Our Stand (53) ––
Recognizable features of major Nigerian cities are beautiful estates with charming, adorable designs that follow or surround them. As it is most common in these cities, every morning, civil servants mostly under the low or medium income earning cadre and other private workers as they have already been accustomed to, struggle through heavy traffic in informal settlements/slums before getting to their places of work in these cities.
There is a glaring reason for this as it is not far fetched, getting a decent affordable housing in the city is unsurprisingly beyond their means, keeping it out of their reach. As a result, a large number of the country’s workers chose to resort to satellite towns neighbouring these city centers. For instance, in Abuja, we have these neigbouring towns Kuje, Nyanya, Kubwa, Suleja, Lugbe, Karu, Dutse, Mararaba, all around Abuja.
The distance between these workers’ residence and their areas of engagement in Abuja, ranges from 15 to 75 kilometers.
Following an interview gotten from Channels TV, Micheal Martins is a recent employee with the country’s Civil Service in Abuja. He said he would love to get married soon. However, his end of the month income is sixty eight thousand naira (N68,000) which is dwarfed by the price of renting an accommodation in the city. Houses around the city center are way above his earnings, as those in these informal settlements may be quite affordable for him.
Also, Festus Adebayo, a seasoned Banker, Journalist, real estate specialist was unequivocal as he frowned at the high rate of many empty buildings across streets in the country. This he said is attributed to corruption that has gone deep in many aspects of life in the country. In a chat with Channels TV, he said “the vacant houses are caused by corruption. Few Nigerians have cornered the common wealth of this great country. And what are we doing about it? He asked.
“When you come to Abuja, you will see people living in Masaka, people living in Kuchingoro, people living in villages that you cannot even pronounce their names very well. You keep wondering. And every morning, you see heavy traffic along all those suburbs because these people have to come to the city in the name of earning their daily bread”.
Timothy Gbadeyan, a Property Lawyer, posited that most of the workers seen in Abuja resort to these informal towns to lay their heads after work. “When you look at the difficulties it poses to these people who cannot get adequate affordable housing, it’s huge, he said.
“A lot of people you see working in Abuja everyday, they don’t sleep inside Abuja. So, in the morning, when you go into the entry routes of the city, you would see traffic gridlocks”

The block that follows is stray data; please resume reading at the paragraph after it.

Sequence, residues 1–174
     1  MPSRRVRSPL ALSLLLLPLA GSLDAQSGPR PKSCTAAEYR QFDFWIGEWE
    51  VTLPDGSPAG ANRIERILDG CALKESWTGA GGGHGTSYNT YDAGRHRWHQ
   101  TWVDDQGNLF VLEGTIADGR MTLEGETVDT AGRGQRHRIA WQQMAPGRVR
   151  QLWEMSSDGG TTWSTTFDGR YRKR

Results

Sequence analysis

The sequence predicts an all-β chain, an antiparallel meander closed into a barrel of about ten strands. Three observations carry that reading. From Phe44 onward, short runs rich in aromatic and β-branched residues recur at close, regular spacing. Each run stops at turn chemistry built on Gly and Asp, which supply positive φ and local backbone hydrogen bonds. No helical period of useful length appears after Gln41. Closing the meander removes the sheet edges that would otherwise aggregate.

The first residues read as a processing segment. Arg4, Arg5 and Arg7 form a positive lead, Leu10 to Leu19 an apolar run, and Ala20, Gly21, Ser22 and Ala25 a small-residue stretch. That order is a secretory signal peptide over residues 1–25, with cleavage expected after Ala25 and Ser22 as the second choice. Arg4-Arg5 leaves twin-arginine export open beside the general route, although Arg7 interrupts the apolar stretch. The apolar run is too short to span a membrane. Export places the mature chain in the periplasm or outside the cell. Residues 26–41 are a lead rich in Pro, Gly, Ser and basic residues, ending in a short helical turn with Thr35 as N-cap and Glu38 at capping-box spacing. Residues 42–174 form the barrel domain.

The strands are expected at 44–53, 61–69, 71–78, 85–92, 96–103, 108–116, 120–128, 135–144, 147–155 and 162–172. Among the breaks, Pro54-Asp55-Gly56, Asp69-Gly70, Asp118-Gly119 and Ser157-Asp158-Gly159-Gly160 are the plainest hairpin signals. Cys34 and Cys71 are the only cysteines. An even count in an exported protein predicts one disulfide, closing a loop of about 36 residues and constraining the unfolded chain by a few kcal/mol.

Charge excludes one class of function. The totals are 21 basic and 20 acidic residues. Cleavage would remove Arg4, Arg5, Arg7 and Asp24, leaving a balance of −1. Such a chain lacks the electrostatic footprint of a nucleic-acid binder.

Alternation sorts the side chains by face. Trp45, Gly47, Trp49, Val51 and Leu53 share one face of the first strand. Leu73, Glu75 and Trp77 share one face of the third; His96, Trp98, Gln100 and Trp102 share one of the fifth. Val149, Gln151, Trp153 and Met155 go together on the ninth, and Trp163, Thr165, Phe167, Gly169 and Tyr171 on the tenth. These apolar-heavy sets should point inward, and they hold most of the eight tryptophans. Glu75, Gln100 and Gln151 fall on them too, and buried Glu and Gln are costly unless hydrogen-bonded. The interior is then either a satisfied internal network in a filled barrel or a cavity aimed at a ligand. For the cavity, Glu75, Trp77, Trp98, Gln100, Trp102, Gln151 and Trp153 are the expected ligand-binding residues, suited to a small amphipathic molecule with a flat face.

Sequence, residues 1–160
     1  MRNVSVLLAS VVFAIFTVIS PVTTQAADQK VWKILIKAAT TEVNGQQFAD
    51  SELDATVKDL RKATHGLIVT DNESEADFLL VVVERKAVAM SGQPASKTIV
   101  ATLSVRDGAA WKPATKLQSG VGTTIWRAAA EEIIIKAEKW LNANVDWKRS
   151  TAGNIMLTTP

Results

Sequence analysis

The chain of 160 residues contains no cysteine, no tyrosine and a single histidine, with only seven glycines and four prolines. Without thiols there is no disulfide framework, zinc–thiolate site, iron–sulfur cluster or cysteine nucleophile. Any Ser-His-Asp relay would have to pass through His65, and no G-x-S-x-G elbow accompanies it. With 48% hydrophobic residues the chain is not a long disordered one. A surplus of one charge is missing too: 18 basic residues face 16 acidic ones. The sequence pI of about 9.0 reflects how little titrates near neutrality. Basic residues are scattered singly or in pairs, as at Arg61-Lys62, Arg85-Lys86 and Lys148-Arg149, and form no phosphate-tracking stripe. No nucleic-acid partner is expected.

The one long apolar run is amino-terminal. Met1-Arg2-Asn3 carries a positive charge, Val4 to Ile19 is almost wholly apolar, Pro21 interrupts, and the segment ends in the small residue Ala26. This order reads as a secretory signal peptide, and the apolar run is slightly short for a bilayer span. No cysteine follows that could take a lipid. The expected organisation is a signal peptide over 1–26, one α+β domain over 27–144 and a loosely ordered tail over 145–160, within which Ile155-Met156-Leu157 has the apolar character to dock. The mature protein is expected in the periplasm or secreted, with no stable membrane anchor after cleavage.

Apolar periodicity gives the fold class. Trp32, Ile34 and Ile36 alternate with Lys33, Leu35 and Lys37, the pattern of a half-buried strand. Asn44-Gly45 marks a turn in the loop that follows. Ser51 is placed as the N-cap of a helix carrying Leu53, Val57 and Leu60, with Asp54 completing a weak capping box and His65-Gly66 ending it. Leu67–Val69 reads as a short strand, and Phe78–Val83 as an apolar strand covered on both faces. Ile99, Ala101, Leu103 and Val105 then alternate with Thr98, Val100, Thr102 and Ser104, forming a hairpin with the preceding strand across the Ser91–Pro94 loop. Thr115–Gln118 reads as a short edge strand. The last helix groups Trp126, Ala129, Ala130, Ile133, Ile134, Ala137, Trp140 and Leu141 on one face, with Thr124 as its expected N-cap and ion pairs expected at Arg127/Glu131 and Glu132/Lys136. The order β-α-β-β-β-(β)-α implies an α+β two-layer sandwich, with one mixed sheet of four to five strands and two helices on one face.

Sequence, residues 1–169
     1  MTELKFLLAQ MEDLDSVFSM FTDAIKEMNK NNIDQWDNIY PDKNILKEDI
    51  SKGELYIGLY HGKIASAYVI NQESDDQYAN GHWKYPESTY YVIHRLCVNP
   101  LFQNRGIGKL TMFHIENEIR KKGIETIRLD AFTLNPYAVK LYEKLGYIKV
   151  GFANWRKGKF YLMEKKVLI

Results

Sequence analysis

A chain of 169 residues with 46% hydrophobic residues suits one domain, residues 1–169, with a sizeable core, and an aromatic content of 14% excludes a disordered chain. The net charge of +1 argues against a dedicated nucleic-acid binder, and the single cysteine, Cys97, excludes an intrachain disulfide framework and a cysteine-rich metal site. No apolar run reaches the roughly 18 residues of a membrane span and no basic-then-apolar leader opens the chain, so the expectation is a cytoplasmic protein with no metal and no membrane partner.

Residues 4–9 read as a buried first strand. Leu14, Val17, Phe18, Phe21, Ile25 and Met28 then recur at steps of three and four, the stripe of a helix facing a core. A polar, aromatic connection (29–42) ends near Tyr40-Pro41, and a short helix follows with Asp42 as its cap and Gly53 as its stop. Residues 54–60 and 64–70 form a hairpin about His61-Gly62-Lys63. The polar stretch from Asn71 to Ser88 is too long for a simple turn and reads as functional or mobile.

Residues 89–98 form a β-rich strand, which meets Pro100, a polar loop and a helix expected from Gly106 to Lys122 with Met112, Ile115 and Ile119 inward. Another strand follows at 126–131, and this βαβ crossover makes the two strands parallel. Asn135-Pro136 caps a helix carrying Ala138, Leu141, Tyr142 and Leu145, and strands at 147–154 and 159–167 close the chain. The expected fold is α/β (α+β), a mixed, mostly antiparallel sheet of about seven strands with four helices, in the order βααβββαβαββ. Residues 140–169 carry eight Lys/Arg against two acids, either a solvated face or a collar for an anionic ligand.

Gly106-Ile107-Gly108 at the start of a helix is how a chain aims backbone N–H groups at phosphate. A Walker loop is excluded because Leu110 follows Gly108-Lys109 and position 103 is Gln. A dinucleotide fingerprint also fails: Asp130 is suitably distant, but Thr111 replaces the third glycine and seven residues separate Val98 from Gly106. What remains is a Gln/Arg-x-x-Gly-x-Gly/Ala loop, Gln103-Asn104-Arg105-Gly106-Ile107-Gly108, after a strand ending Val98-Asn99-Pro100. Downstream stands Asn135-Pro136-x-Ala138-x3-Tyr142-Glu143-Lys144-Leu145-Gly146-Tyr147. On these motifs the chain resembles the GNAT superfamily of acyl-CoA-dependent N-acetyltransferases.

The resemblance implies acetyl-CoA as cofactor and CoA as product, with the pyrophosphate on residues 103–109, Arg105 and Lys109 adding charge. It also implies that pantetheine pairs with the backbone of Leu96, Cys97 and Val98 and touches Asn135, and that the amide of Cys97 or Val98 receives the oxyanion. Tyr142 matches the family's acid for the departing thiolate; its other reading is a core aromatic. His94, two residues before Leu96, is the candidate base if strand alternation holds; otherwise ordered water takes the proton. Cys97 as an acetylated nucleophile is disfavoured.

At least six hundred abandoned buildings already identified.
According to the Federal Capital Territory Administration (FCTA), the housing deficit in Abuja, the nation’s capital city ranges around 1.7 and 2 Million and at least, six hundred abandoned buildings have been identified by the authorities, in the midst of these deficits. Most of them are located in major locations like Gwarimpa, Katampe, Maitama, Garki, Central Business District, Wuse, Apo and Asokoro, to mention just few.
Celestine Okeke, a Development Consultant, believes that those who are caught more in these housing challenges are the civil servants because they have a time frame they should be at work and when they cannot leave work. By the time they go tired and come back tired the next day, their output or productivity levels become very low ebbed. “For that purpose alone, the government should begin to revisit the mass housing policy in the nation’s capital, he said.
In the words of Muktar Galadima, Director, FCT Development Control Department, “we are proposing to the Federal Executive Council if they can come in and acquire some of these properties and maybe, as a way of solving the housing deficit in the country, giving them out to staff and other Nigerians”.
While the government authorities are making moves to take over these abandoned empty properties, the Independent Corrupt Practices and Other Related Offence Commission, Economic and Financial Crimes Commission (EFCC) should unrelentingly continue carrying out investigations over the ownership of these unoccupied houses in our cities and just as Muktar Galadima said, they should be made available for those who are currently battling with accommodation challenges, in a way of reducing the housing deficit gap in the country.